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Bernard Tapie reins in son’s comments on Full Tilt Poker acquisition

TAGs: Full Tilt, full tilt poker, Groupe Bernard Tapie, Laurent Tapie

bernard-tapie-full-tiltRecent comments by French businessman Bernard Tapie have raised questions about the extent to which his company, Groupe Bernard Tapie (GBT), intends to invest in Full Tilt Poker (FTP). On Friday, Tapie’s son Laurent confirmed that GBT had entered into an ‘acquisition agreement’ with FTP’s board of directors. Although Laurent stressed that any takeover of FTP was dependent on several factors, not the least of which was a favorable resolution of FTP’s criminal/civil liabilities with the US Department of Justice, he optimistically predicted FTP could be up and running again as early as January 2012.

But in a subsequent conversation with Agence France Presse, Bernard Tapie appeared to walk back his son’s public comments. Loosely translated, Bernard confirmed that an exclusive agreement had been signed with FTP, but suggested that Laurent had only been ‘invited’ to investigate the situation on behalf of GBT, and that Laurent had been given until the end of December to ‘give his opinion’ on whether the legal and technical issues involved in resurrecting FTP could be resolved to GBT’s satisfaction.

Furthermore, Bernard claims that if the bid goes forward, he only expects to retain a 5-10% stake in a resurrected FTP when all is said and done. This is either (a) confirmation of Laurent’s suggestion on Friday that he was seeking other investors to pool their resources for an FTP bid, or (b) suggestion that, once FTP is acquired, GBT intends to sell off 90-95% of the company as quickly as possible. (Could another online gaming IPO be in the cards? Shudder…)

ISPT-logoThe translation isn’t entirely clear, but Bernard appears to suggest that this 5-10% stake would not be held by GBT, but by the International Stadiums Poker Tour (ISPT), a production company in which GBT holds a 30% stake. The ISPT was founded in 2010 by Bernard and Prosper Masquelier, whose resumé includes production credits on French TV series Tournament of Aces and a three-year stint at Partouche Interactive (where Laurent Tapie also served). In 2010, Masquelier and LivePoker editorial director Georges Djen co-founded FullFun, which operates PokerExtrem.fr.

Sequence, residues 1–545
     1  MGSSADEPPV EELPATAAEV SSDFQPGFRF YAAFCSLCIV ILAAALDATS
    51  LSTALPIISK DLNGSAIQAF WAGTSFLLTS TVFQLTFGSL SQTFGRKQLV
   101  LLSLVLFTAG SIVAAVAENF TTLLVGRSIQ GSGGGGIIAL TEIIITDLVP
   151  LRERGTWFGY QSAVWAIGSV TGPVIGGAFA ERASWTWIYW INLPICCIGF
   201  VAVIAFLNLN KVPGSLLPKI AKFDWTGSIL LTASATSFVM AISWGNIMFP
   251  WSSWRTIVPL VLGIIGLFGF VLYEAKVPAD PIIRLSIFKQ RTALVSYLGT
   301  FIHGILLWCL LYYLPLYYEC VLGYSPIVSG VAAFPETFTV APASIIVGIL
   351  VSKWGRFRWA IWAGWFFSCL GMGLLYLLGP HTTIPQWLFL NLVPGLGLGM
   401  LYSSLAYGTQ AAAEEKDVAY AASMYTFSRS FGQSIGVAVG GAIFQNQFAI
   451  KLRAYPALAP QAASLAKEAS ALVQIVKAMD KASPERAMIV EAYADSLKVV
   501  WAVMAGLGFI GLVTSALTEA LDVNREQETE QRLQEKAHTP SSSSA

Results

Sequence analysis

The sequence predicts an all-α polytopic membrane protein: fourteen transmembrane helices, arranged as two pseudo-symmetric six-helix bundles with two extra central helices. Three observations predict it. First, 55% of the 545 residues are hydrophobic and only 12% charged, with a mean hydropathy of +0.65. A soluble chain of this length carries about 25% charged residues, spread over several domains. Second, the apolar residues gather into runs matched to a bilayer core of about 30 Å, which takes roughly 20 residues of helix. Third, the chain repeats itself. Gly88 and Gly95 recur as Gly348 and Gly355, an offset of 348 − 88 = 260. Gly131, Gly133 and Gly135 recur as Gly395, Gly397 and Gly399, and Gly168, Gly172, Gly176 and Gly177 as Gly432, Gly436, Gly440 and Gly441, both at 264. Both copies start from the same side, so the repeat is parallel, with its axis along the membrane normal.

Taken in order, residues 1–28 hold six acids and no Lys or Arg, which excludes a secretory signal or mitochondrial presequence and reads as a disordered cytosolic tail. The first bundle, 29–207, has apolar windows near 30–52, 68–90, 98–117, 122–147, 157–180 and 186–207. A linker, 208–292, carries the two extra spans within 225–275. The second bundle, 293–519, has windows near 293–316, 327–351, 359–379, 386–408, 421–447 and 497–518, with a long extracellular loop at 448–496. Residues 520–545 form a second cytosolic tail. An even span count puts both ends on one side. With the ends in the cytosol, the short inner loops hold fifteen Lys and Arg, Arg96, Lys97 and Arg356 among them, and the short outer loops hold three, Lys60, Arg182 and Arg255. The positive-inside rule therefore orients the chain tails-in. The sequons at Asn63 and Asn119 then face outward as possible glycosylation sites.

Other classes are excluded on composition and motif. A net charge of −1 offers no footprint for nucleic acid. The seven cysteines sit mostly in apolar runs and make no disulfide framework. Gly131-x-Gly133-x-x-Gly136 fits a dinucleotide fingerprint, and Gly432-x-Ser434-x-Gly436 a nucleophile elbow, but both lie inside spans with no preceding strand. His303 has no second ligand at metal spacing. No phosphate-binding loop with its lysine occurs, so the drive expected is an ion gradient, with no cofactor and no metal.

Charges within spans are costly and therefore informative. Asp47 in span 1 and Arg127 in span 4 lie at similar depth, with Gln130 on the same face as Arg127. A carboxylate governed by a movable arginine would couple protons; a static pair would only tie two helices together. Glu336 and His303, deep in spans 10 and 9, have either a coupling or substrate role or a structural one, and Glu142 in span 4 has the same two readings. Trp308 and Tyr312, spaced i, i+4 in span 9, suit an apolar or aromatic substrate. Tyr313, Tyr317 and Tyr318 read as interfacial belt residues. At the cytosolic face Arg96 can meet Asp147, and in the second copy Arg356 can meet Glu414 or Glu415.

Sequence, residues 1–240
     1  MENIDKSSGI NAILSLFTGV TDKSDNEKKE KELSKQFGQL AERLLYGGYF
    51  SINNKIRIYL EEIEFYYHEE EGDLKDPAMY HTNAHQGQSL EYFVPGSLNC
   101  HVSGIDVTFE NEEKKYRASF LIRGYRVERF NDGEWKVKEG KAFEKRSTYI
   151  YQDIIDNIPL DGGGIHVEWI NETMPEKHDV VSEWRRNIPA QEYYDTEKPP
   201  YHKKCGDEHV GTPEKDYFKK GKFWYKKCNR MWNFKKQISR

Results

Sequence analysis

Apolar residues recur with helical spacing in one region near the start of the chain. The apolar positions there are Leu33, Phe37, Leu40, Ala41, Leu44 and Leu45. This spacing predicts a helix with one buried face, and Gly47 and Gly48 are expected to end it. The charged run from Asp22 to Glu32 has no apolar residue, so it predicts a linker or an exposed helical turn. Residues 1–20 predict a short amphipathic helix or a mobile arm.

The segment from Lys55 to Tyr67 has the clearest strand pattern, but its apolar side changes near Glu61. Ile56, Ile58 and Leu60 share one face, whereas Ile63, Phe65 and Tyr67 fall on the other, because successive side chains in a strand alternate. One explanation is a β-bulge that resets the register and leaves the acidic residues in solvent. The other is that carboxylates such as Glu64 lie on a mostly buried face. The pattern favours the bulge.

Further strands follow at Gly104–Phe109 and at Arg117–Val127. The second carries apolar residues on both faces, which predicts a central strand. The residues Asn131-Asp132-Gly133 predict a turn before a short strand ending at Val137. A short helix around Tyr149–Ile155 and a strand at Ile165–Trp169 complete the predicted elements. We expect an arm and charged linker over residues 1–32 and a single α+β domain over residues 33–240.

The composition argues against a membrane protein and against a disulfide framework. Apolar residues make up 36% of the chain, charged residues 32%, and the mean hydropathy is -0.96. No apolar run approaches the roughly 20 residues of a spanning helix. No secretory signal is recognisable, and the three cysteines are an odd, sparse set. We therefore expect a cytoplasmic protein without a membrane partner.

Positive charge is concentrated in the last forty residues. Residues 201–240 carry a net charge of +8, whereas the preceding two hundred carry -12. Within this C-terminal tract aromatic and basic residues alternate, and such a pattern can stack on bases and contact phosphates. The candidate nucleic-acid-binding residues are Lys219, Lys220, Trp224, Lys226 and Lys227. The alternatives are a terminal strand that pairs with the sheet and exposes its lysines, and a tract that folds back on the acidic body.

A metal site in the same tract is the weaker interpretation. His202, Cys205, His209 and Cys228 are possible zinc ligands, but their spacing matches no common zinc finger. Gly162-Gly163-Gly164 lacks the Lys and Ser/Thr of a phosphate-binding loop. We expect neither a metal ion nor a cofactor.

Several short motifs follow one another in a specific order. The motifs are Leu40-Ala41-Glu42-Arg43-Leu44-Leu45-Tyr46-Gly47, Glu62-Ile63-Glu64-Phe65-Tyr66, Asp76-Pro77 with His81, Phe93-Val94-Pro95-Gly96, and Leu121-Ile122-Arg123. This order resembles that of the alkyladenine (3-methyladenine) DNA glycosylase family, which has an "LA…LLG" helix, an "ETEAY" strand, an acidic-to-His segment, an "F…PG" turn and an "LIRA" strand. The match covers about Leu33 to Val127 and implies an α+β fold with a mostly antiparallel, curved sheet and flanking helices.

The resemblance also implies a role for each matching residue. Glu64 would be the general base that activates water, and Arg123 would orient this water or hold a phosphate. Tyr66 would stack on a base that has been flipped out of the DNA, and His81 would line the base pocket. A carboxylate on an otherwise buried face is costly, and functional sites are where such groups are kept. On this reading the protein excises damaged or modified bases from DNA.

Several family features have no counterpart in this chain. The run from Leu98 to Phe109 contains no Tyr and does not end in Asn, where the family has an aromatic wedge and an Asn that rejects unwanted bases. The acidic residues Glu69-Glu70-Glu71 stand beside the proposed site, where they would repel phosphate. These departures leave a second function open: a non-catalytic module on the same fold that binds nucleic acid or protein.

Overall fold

There’s very little publicly available info on the ISPT, but the ISPT.com website features a slick video clip promoting “the biggest poker event ever” allegedly taking place at London’s Wembley Stadium, May 10-12, 2012. Along with the phrase “30,000,000 $ guaranteed”, the video does indeed depict some kind of mammoth poker event/party/orgy on the pitch, with some players at live tables and other attendees playing (or simply watching, it’s not clear) poker on computer terminals, while tens of thousands more fans watch from the stands. Seriously, the video makes Thunderdome look like a chess match. The video concludes with an invitation to register on ISPT.com, although the only items currently active on the site are the video and a Facebook ‘like’ button (in French) that doesn’t actually connect to a FB page. (Clearly, the $30m wasn’t spent on web design.)

Further to the Tapie family’s intent to parcel out the vast majority of shares in a revamped FTP, sources have told the Wall Street Journal that while FTP’s current owners wouldn’t receive any proceeds from a sale of FTP, they could end up retaining a “very small stake” in the company, but only if the DoJ could be convinced to go along. Insert howls of FTP customer outrage here…

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